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Saturday, May 26, 2007

Breaking Free of Labels

Would you stop being so dramatic! That's a phrase I can remember hearing from my earliest childhood moments. You see, I have always been the dramatic one. Always too sensitive, too emotional, to easily wounded, to fiery and hot tempered and too easy a target to make fun of being that I am a very expressive person and you never have to wonder what I may be feeling. Odds are you're gonna have to hear about it....ALL about it!

I been reading a book about sibling rivalry. It's titled Siblings Without Rivalry: How to help your children live together so you can live too by Adele Faber and Elaine Mazlish. There a section in it about not predetermining your child's roles for them, i.e. She's the responsible one, she's the shy one, He's the bully, He's the momma's boy. It has really struck me especially since I vowed I would NEVER label my kids as I had been labeled.

I wish I could say that I indeed do not label my kids, but the sad analysis of the data has caused me to come to the conclusion that I do. It may not be as often as I was labeled or even in the same way, but I do label them just the same.

What's so wrong with labels you might ask. At first glance they may seem to be harmless but if you take another look there are a few things which may cause some concern. I have committed to change. Here's what challenged me:

1) I could spend a lifetime trying to unravel the complex nature and personalities of each of my children but in the end I am not their creator, so what right have I to determine with any amount of decisiveness what their "jobs" are in life, what they are best at, or what they were meant to do? As a parent I think the best I can hope for is to learn more about what God already has planned for them by engaging in serious prayer to that extent daily. After all... His plans have already been made if I want to be an effective mother who trains my children up in the way they should go then I ought to be sure I am praying and seeking the Lord's direction, but in doing that i must always leave room for god to change course. I can't become so overly confident that I loose my flexibility in the matter. After all, how many times has God changed the direction of my life....... too many to count!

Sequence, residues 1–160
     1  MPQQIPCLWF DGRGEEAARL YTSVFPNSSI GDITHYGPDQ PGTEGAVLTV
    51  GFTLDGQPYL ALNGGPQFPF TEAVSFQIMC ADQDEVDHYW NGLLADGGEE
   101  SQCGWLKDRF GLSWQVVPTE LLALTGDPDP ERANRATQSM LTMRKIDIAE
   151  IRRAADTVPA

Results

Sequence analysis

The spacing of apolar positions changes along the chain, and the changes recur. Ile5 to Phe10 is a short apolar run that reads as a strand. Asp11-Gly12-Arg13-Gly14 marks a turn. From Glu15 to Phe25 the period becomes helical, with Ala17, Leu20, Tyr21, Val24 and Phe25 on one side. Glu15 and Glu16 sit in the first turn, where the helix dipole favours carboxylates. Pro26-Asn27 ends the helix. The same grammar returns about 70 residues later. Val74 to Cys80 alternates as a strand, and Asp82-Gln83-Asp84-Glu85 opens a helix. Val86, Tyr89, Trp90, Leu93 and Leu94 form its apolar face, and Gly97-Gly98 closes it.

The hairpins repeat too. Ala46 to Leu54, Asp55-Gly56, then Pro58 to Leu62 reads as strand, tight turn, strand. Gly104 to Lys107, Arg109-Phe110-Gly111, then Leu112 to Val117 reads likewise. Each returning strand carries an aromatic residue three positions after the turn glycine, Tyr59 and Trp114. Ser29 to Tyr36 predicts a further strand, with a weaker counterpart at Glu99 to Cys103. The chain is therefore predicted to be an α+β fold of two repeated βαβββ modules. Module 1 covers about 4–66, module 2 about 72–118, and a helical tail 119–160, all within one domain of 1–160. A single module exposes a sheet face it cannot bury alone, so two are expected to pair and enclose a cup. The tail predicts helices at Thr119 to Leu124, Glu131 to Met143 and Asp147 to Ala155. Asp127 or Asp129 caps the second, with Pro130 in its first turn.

2) In the pursuit of studying my children's strengths and weaknesses I should never look at any particular weakness as being permanent. To do so would fly in the face of what God has taught me about His redemptive nature and His power to renew us. If I stop believing in growth, healing and change for my children or in any particular situation with which they may be struggling what kind of faith am I modeling for them?

3) The book makes a case that there are three ways in which people find themselves labeled. A) the parents have labeled the child, B) the child has given himself a label or C) the siblings have labeled the child. In all three cases guess who's job it is to correct the problem? Yep, the parents! The key to change is recognizing the label and how it is acted out, then reverse the action. this begins in us. We need to ask the question do I in some small way believe this to be true and do I perpetuate it with actions or behaviors that reaffirm this label? The book has lots of examples from real families and practical ideas for reversing the habits.

4) To label a child by their strengths and weaknesses may discourage any attempts to strengthen their weaknesses. It may squelch any small flicker of desire before it can be flamed.

In some cases these labels can also create competition within our families. Either because of the burden to perpetuate the fulfillment of the earned title, like that of "the good one" which may manifest itself in feelings which may say " I cannot ever express my emotions especially if they are negative ones because I am the good one and it's expected that I am always fine."In other cases the resentment of the other child who hasn't been labeled may cause them to feel they can never attain to being like their labeled sibling and may result in them picking argument with their sibling or worse yet, decide that "if I can't do it as good as sister/brother I won't try at all."

These are just a few of the reason I am committing to removing all traces or labels in our home. The world will label my children enough as it is, most of the time without merit or reason. Often times merely by appearances. There's never an end to the people of this life who tout the message of "couldn't, wouldn't , shouldn't," and "no , don't, can't and stop." Do I really want to add my own voice to the chorus of negativity my children will hear in their life?



Stacey said...

Wow Jen, that really made me stop and think about how I label my kids. It's so hard not to at times! Thanks for making me stop and think about this today!!

Julie said...

Wow. That is so convicting. I know I am guilty of this in a major way. Definitely need to get that book.

Your emotional honesty and expressiveness is one of the things I love most about you!

P.S. I was "the dramatic one" too :-)